Skip to Content
Frank Freed Subit & Thomas LLP Frank Freed Subit & Thomas LLP
Call Us Today! 206-682-6711
Wage & Overtime Claims

Wage Claims

Employees work hard for a living. They expect and deserve to be paid what their employers owe them. Unfortunately, employers sometimes cheat employees out of their wages by not paying them for all the hours they worked, by paying them late, or by not paying for overtime worked. Some employers refuse to pay their employees in accordance with their employment contracts, commission sales agreements, or bonus policies.

State and federal wage laws provide specific criteria for determining whether a particular job should be exempt from overtime, or whether an employee is "nonexempt" and should be paid overtime at a rate of one and a half their usual rate for time he or she works in excess of forty hours in a work week. Some employers try to avoid paying necessary overtime wages by calling their workers "independent contractors" when they are actually employees. Determining whether a particular job is exempt and whether a person fits the criteria of independent contractor or an employee requires an evaluation of the specific facts of each case.

There are numerous state and federal laws that govern employee pay and overtime. Employees' concerns with these matters are protected under the Fair Labor Standards Act, the Washington Wage Payment Act, and the Washington Minimum Wage act.

Employers sometimes misclassify employees as exempt from the minimum wage and overtime laws to avoid paying what the workers are due. In other cases employers don't pay employees for all of their work. This frequently happens at the beginning or the end of the day. An employee who does work for the employer at home must be paid for that work just as if the employee were at the job site.

The federal Worker Adjustment and Retraining and Notification (WARN) Act requires employers in some situations to provide employees 60 days' notice of a mass lay-off or plant closure. If the employer fails to do so, it may have to pay the employees up to 60 days' wages.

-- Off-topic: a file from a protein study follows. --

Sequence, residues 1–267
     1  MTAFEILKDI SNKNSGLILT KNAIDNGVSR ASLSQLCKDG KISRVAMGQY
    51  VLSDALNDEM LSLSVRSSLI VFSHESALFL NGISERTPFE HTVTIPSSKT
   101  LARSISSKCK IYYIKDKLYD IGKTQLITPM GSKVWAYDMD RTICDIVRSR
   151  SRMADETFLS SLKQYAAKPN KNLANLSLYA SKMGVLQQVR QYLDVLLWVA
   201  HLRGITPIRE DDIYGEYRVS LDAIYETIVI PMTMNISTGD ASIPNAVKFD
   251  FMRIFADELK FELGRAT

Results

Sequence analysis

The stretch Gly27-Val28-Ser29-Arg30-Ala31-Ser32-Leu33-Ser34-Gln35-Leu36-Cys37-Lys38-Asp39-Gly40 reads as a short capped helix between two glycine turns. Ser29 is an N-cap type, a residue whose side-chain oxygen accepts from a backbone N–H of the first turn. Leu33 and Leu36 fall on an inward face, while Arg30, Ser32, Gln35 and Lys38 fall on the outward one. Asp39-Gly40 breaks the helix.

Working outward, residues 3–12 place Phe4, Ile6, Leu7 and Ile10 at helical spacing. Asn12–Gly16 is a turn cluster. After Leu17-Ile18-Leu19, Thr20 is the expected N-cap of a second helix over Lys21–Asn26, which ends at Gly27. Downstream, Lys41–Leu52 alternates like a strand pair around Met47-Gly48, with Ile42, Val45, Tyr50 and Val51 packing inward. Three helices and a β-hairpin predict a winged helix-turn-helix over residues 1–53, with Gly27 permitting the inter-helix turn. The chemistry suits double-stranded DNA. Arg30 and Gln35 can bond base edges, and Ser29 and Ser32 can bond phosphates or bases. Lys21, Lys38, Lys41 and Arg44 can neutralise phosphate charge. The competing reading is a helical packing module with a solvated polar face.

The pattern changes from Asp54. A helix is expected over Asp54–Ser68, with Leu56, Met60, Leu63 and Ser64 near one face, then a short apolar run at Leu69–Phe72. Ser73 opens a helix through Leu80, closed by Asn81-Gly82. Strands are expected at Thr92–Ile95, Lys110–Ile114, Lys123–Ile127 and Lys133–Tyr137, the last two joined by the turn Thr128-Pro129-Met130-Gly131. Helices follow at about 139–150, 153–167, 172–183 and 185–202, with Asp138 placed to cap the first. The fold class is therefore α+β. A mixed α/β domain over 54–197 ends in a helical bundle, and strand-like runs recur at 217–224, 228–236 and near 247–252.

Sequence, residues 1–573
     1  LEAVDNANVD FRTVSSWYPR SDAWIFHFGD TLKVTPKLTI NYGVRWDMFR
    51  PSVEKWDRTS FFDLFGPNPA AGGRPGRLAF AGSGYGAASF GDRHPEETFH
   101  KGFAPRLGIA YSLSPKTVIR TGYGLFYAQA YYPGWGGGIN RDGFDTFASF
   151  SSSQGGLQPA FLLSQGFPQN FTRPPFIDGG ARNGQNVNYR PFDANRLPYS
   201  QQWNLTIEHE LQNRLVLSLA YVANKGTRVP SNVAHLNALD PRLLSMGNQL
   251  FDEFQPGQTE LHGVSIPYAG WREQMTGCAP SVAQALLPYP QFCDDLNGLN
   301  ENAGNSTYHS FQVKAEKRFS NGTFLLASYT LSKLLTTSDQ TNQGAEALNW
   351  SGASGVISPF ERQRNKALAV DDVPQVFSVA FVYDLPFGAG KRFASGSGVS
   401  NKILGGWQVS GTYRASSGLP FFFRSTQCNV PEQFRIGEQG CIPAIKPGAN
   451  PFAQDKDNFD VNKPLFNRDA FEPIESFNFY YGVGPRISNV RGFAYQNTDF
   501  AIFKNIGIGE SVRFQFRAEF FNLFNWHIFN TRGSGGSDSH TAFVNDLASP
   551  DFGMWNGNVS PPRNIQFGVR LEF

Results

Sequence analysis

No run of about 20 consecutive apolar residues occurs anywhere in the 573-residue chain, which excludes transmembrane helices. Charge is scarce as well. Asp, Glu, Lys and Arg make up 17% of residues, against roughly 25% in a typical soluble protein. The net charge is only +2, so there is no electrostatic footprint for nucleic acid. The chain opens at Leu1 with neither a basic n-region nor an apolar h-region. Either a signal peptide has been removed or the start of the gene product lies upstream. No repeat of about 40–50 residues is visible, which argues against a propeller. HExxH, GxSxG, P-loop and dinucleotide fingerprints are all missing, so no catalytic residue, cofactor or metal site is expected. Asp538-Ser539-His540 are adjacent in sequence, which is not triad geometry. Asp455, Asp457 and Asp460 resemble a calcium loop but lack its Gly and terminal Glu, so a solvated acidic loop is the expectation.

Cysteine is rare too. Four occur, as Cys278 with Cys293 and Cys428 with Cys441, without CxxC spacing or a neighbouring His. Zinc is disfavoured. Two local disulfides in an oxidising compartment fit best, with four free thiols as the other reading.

In the state of Washington, employers are required to provide at least a 10-minute break for every 4 hours that an employee works. If an employee works more than 5 hours, employers must provide at least a 30-minute unpaid meal break. If an employer has failed to provide legally required rest breaks or meal breaks, the employees may be entitled to monetary compensation.

Where the employer's unlawful wage practices impact a large number of employees, it makes sense to pursue the rights of all affected employees through a collective or class action. A class or collective action allows employees to pool their resources and work together to enforce their rights.

Our Experience

Frank Freed Subit & Thomas has decades of experience representing employees in wage and hour disputes, both individual cases and collective/class actions. Many years ago our firm brought one of the first wage and hour class actions under Washington state law. We have handled numerous overtime cases, misclassification cases, "off the clock" unpaid wage cases, rest break cases, and meal break cases.

While we can't guarantee a positive outcome, our results in wage and hour cases speak for themselves. In 2010 we obtained a $2.25 million settlement for drivers who were not paid for all of their work time. We obtained, along with Columbia Legal Services, a $315,000 settlement on behalf of agricultural workers denied their wages. Our firm achieved a $300,000 settlement for a group of employees who were denied meal and rest breaks and a $235,000 settlement for workers laid off without proper WARN notice.

Frank Freed Subit & Thomas has received other confidential six and seven-figure settlements in numerous wage and hour cases. If you have questions about the validity of your case, do not hesitate to contact Frank Freed Subit & Thomas today.

Seattle Employment & Labor Lawyers Contact Frank Freed Subit & Thomas LLP Today!

  • Please enter your first name.
  • Please enter your last name.
  • Please enter your phone number.
    This isn't a valid phone number.
  • Please enter your email address.
    This isn't a valid email address.
  • Please make a selection.
  • Please enter a message.
  • By submitting, you agree to be contacted about your request & other information using automated technology. Message frequency varies. Msg & data rates may apply. Text STOP to cancel. Acceptable Use Policy